Why not take to Blender (or Maya or whatever)? Use the library file included with the modder package, and you can import those prefabs into a new Blender file, arrange them in Blender, scale them in Blender. Save it, and in Unity, a finished ship will pop up. A minimal amount of processing can match the Blender objects to their identically-named prefabs and swap them out in the ship prefab - essentially translating your Blender file into the exact same ship you would have gotten by dragging and dropping Unity prefabs.
You can add more things in Blender. A hull that is any shape and texture you please. New animations. Skeletons. Unity understands all these things, and we can process some of them into game logic - for example, our custom hull elements can be correctly classified and prepared for damage effects.
How far the modder wants to go is up to them. A new animation controller. A ship that flexes and ripples like an organic creature. A ship that grows or shrinks on command. There's a lot of possibilities, limited only by how well the game code copes with weird-but-valid Unity objects.
The ability to shape your own hull really can't be overstated. Passive elements such as rails, running lights, steps, windows, and simple smoothed hull elements are incredibly valuable to the average person. Voxel-based approaches give you some freedom, but there is absolutely nothing like being able to arrange them freely. That requires us to be able to distort and reshape them - something that is easy in Blender and extremely annoying in Unity.
A long, curving hand rail is easy in Blender. Import the hand rail object, stretch it, and curve it. Fit it to your ship perfectly. Unity imports it and it's in your ship! Bang!
More than that, assuming your naming convention is good, Unity understands that it is a hand rail, and will use IK to have nearby astronauts automatically slide their hands along it. That's super-easy, I've done adaptive animations like that a lot. You just need to have the object properly tagged!
(Making custom spaces feel real is incredibly important - I would pay special attention to making adaptive character animations, including things like turning sideways to move through tight areas or stepping easily to the side as you approach furniture.)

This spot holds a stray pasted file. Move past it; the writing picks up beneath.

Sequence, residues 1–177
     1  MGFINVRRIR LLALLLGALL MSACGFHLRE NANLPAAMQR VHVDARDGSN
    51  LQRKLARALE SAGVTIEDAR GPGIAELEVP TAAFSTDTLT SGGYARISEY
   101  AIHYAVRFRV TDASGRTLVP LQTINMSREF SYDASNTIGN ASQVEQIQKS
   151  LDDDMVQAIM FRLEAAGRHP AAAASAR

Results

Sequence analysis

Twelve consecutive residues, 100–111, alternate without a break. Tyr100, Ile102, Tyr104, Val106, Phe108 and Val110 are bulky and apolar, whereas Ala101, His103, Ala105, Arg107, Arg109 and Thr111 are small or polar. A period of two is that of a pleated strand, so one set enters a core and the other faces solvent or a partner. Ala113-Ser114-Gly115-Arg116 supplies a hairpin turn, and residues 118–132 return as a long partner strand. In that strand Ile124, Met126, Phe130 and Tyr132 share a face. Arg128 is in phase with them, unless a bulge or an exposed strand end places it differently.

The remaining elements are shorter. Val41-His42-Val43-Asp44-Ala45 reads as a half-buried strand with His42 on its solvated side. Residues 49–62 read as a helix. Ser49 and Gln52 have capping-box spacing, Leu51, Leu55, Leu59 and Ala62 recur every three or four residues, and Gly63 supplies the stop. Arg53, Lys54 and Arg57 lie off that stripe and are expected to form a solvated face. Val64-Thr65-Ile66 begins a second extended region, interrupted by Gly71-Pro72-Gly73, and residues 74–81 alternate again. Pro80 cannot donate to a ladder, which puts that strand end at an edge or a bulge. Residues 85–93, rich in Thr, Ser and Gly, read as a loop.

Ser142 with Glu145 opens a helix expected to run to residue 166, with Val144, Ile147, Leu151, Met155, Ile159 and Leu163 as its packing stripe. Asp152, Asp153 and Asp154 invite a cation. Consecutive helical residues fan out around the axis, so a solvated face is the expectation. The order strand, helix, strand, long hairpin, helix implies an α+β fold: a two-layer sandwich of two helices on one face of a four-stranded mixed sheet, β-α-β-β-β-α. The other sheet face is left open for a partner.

Pretty neat, right?! RIGHT!?! yeah.
Oh, right, I forgot the other half.
It's possible to make game assets viable to import into any similar game. SREG2000 assets could be imported into Shooty-VR-Game-Ultra. The only limit are class and library dependencies built into the asset package.
It is possible to minimize library and class dependencies by having the ship focus internally. While it's unlikely the same asset pack would load up in both SREG2000 and SVRGU, it would be relatively easy to import SREG2000 content into the SVRGU mod editor (both Unity projects), then winnow out the dependency errors and re-rig the ship for SVRGU use. The core - the meshes, materials, animations, etc - would be the same.
It is possible to create a database of, say, complex space ships. Not simply models: high-functioning ships that contain dozens of internal logic objects. For example, a class that opens and closes a hatch when triggered. A class that runs a specific trigger name on someone's mecanim animator if activated by them. A class that displays the state of that hatch. Because these classes are internal to the ship, there's no real chance of them colliding with game logic. Therefore, these classes can be packaged with the prefab, or packaged with the core idea of the mod editing system for both games.
And, more importantly, sounds viable. Even if you remove all of the advanced features, simply allowing players to create new prefabs out of stock prefabs is incredibly powerful, especially if you can wire components together with references and events and delegates.